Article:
Fifty Years of Math Instruction

Discussion in 'The Club House' started by Jo da Plumbr, Sep 15, 2009.

  1. Jo da Plumbr

    Jo da Plumbr New Member

    Fifty Years of Math Instruction in the USA , 1959 - 2009

    Last week I purchased a burger at Burger King for $2.58.
    The counter girl took my $ 3.00. I dug for my change and
    pulled 8 cents from my pocket and gave it to her. She stood
    there, holding the nickel and 3 pennies, while looking at
    the screen on her register. I sensed her discomfort and tried
    to tell her to just give me two quarters , but she hailed
    the manager for help. While he tried to explain the transaction
    to her, she stood there and cried.

    Why do I tell you this?
    Because of the evolution in teaching math since the 1950s:

    1. Teaching Math In 1950s

    A logger sells a truckload of lumber for $100. His cost of production is 4/5 of the price. What is his profit?

    2. Teaching Math In 1960s

    A logger sells a truckload of lumber for $100. His cost of production is 4/5 of the price, or $80. What is his profit?

    3. Teaching Math In 1970s

    A logger sells a truckload of lumber for $100. His cost of production is $80. Did he make a profit?

    4. Teaching Math In 1980s

    A logger sells a truckload of lumber for $100. His cost of production is $80 and his profit is $20. Your assignment: Underline the number 20.

    Teaching Math In 1990s

    A logger cuts down a beautiful forest because he is selfish and inconsiderate and cares nothing for the habitat of animals or the preservation of our woodlands. He does this so he can make a profit of $20. What do you think of this way of making a living? Topic for class participation after answering the question: How did the birds and squirrels feel as the logger cut down their homes? (There are no wrong answers, and if you feel like crying, it's ok.)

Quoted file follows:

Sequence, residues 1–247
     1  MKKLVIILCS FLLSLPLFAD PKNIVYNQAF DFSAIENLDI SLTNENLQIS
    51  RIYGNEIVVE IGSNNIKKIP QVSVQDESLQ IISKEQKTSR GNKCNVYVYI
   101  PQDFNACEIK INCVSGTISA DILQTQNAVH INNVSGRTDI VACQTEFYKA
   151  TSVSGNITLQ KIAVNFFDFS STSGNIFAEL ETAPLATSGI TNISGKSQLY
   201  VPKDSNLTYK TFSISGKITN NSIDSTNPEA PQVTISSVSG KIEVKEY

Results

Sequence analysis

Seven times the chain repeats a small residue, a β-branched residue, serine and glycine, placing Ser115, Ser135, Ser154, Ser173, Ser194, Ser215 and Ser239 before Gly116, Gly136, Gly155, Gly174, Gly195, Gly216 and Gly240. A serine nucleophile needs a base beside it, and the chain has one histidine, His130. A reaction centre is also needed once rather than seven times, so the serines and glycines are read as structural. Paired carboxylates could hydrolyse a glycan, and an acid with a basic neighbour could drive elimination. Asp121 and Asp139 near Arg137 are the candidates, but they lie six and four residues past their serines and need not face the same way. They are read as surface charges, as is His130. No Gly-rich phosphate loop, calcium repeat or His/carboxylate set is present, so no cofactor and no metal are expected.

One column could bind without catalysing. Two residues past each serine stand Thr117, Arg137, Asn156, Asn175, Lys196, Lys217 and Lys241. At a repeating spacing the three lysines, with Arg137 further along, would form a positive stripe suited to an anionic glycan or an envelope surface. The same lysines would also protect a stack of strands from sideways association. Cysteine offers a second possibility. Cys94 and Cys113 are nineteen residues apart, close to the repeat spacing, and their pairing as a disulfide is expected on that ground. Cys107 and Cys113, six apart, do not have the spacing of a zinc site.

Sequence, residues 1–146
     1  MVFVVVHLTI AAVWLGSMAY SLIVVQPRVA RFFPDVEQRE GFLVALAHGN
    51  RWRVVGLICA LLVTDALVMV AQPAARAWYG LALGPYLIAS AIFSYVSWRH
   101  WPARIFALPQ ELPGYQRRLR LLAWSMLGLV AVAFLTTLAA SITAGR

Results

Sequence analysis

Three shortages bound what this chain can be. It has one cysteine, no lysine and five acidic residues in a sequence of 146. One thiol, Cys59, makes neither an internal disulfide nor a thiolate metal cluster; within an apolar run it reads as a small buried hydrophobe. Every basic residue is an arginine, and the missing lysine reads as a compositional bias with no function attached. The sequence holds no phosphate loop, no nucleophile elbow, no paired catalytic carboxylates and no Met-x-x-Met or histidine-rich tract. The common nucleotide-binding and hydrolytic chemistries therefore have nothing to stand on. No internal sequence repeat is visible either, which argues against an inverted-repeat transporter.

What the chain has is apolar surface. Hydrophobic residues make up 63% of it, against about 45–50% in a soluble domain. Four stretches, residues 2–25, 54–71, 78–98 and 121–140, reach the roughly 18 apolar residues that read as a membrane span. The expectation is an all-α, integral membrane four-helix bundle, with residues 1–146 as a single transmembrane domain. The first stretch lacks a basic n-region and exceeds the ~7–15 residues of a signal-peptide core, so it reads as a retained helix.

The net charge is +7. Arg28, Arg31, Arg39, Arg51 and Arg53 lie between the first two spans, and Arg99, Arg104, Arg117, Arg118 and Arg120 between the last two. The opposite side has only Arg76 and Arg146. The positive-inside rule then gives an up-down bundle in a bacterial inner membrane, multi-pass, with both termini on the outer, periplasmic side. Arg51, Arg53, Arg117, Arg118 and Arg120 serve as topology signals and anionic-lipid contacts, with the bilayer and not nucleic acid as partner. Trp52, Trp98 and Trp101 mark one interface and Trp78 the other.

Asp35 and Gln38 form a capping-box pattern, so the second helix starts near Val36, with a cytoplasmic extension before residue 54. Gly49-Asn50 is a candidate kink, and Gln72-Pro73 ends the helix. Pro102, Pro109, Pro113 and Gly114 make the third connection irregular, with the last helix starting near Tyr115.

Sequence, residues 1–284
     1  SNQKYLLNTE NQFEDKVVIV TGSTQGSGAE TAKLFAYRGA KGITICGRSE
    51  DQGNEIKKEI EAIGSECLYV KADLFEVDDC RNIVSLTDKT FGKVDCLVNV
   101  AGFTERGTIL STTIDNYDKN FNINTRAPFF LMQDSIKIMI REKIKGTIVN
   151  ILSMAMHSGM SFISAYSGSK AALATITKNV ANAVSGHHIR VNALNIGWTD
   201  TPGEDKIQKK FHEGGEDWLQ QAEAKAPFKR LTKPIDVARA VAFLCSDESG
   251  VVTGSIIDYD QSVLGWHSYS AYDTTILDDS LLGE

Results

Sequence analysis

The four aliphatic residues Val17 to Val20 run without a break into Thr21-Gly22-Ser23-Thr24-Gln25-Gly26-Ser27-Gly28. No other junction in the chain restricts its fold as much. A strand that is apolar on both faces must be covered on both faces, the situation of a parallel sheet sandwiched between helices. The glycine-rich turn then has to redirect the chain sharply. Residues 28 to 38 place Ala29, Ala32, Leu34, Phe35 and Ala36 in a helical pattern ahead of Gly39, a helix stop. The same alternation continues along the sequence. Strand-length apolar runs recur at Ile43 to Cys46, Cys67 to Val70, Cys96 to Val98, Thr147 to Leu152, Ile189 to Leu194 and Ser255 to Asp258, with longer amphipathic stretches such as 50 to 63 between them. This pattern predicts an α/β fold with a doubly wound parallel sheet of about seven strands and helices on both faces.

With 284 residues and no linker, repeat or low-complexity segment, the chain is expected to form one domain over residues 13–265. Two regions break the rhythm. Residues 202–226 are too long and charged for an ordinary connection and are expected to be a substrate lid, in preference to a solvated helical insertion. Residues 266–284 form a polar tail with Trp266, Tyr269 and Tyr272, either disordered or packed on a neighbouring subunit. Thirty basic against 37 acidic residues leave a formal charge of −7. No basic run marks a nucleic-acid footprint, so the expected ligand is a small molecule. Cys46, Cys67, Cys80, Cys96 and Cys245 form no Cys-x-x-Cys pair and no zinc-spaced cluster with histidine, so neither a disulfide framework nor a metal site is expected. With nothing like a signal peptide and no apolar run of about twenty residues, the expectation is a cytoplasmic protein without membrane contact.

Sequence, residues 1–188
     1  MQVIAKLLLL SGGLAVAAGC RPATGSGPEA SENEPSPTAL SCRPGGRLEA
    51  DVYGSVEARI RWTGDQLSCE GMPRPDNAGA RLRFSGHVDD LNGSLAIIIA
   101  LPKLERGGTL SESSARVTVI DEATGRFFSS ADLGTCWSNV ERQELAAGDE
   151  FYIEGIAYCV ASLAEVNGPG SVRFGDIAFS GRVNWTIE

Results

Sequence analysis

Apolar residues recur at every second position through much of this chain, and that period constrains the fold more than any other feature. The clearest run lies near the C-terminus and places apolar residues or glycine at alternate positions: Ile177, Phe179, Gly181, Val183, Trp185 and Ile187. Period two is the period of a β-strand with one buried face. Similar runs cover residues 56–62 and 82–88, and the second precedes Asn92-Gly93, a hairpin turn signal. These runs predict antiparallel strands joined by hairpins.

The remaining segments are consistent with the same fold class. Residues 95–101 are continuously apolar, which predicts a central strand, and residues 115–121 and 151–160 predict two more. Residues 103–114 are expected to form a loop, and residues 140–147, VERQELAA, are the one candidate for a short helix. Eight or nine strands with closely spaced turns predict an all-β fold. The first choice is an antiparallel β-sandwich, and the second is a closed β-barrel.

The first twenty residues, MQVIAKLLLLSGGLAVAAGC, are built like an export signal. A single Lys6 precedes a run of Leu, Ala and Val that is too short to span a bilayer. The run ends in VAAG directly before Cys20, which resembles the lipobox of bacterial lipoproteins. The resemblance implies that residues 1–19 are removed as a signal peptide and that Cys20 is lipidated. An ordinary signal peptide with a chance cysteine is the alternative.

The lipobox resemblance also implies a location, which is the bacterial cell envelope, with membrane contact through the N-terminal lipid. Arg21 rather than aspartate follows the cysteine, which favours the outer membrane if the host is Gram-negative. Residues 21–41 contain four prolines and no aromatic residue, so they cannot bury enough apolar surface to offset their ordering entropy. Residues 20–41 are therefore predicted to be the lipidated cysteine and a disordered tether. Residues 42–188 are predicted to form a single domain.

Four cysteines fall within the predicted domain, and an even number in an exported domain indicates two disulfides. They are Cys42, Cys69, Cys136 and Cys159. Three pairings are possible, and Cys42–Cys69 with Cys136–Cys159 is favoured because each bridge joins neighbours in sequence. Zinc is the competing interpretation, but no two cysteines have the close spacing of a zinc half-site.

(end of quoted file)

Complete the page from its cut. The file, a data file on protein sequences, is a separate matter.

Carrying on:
6. Teaching Math In 2009

    Un hachero vende una carretada de maderapara $100. El costo de la producciones es $80. Cuanto dinero ha hecho?
  2. NGIB

    NGIB New Member

    When my oldest was accepted to Columbia Law, she had to take a basic skills test - English & Math. Seems that many college graduates today can't write a simple paper or do math without a calculator.

    When I went into the Manpower career field in the Air Force (pre-computers), we were taught to do correlation & regression analysis with a yellow legal pad, a pencil, and an HP calculator - that was fun I tell ya...

  3. Dillinger

    Dillinger New Member

    Here's dating myself a bit, but when my dad was going back to school for Electrical Engineering, he had to save up for like a month to get a calculator.

    I can remember he and my mom agonizing over the purchase at the kitchen table.

    It was going to be something like $90 and it did ( 4 ) functions ( add, subtract, multiply & divide ).

    It took my dad about a week to be able to use it with his homework & trust the results. :eek:

    And my old man was a member of MENSA later on in life, so he wasn't exactly a slouch.

    I fear that today's generation lacks the ability to take items from the Interwebz and translate to a finished product at the end of their wrists.

    Which is probably one of the reasons I dont have kids....

  4. orangello

    orangello New Member

    That is a funny post, but i taught Accounting principles at night, at a community college for about 10 years, and i can tell you that a good percentage of those kids had more trouble than i could've imagined on the BASIC math in that class. It wasn't anything past very basic algebra, veeery basic. It was sad, especially considering these kids made it out of high school & were continuing their educations. The Friday night classes were the best, mostly geezers & working peeps, a much more capable group, generally.
  5. cpttango30

    cpttango30 New Member

    It is the way they are teaching math in the schools.

    My daughter came home last week with math home work on the distrubitive property.

    The question was 3(4+9) =